He has no mentors. There is nowhere to go to learn his art. No one teaches his technique. Sculptor Bill Mack works in such a rare art form that coming up with a name to describe it has been only slightly less arduous than creating the art itself.
Mack was born in Minneapolis, in a family that had never had anyone directly involved in art. He was creating and selling oil portraits in high school. At 17 years old, while employed as a draftsman for a company making bronze dedication tablets, a crucial moment occurred which would change his life forever. Portraits are the most difficult image to create in relief.
When a poor quality relief portrait for a memorial tablet created by another artist was submitted to the company for approval, Mack thought he could do a better job. He gave it a try and it was instantly accepted. He immediately quit his job and began a career as a commissioned relief sculptor.
At the University of Minnesota, he majored in Journalism with a minor in art history while continuing to do commissioned work as a free-lance artist. Upon graduation, he continued his own career, working as a relief sculptor. So rare are “accomplished” relief sculptors that Mack met with immediate success. His commissioned work ranged from very small, low relief ingots and medallions, to often monumental sculptures. Besides creating hundreds of works in traditional cast bronze, he also gained experience with more modern substances, including resins, urethanes, epoxies, silicones, and acrylics. Working in different materials and trying new methods, Mack has gained increasing confidence in his abilities. When he made the transition to the galleries, he possessed a great deal of technical knowledge to compliment his unique talents.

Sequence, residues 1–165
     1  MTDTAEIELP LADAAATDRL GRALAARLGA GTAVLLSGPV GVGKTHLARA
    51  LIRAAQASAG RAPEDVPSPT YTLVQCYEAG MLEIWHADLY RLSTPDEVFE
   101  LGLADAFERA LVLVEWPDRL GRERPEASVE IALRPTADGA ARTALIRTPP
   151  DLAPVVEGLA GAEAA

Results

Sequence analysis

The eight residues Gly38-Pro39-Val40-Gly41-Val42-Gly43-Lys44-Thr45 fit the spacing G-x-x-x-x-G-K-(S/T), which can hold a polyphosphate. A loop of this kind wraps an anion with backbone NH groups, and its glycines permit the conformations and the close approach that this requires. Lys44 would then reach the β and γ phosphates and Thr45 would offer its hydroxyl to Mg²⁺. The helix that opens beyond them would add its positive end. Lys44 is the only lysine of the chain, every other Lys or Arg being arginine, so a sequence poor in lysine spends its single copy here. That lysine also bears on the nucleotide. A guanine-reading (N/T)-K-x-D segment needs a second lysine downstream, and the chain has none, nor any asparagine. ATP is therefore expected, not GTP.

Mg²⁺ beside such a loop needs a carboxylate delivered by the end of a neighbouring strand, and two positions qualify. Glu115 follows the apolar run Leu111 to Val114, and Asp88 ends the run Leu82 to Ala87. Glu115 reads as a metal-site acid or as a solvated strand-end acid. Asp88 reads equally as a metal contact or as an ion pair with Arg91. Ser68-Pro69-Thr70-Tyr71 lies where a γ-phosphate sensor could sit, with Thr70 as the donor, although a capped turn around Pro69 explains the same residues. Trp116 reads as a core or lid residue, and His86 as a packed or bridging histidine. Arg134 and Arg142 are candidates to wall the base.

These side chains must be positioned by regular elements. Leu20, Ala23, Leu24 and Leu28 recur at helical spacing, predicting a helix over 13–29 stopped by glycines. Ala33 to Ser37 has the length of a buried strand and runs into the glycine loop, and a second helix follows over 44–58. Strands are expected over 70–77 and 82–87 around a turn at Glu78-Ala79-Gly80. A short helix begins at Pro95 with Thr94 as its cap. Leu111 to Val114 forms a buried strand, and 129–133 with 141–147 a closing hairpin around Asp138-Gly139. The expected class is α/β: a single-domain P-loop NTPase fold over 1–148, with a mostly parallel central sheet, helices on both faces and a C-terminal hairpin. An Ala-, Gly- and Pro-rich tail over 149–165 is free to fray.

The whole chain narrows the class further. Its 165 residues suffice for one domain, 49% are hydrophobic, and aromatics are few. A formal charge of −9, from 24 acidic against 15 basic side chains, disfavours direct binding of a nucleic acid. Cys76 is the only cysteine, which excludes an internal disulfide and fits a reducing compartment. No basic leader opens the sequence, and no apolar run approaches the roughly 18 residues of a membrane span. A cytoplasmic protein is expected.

Mack make’s Minneapolis his primary home. Living in the Minneapolis metropolitan area he says, is pleasant, not only personally, but also professionally. “My time in the studio is precious. Being centrally located between the coasts, Europe and Japan, cuts down on travel time. I am close to my 25,000 square foot foundry and framing studio, also located in Minneapolis. Besides, as you might guess, there are fewer distractions here in the winter months, and I seem to accomplish the largest body of my work during this time.”
Through his extensive artistic and business contacts around the world, Mack has also become an avid collector. His collection of paintings and drawings includes original works by such a diverse group of artists as Miro, Chagall, Picasso, Paul Jenkins, Jim Dine, and his friend and fellow Minnesotan, LeRoy Neiman. However, his collection, include several presidential letters written by Washington, Lincoln, Jefferson, John Kennedy, and others. To decorate his tiered video theater, he collects and displays a treasure of costumes such as the one worn by Bert Lahr as the Cowardly Lion in the Wizard of Oz, Clark Gable’s coat from Gone with the Wind, and Lon Chaney’s suit from Phantom of the Opera.
The image of Bill Mack
Youthful and enthusiastic, ambitious and stylish, the mustachioed Mack has a distinctive flair about him. For example, there is a fresh red rose bud he wears on his lapel every day. Though he will not reveal the personal reason why he began the practice some years ago, the red rose has become a symbolic trademark. Presenting them at gallery openings, he has become the largest non-commercial buyer of roses in the world, requiring tens of thousands of them each year.
Without a doubt, Bill Mack’s creations are strikingly unique in the world of art. In or out of his studio, Mack is an unusual man and artist, influencing today’s world of contemporary art.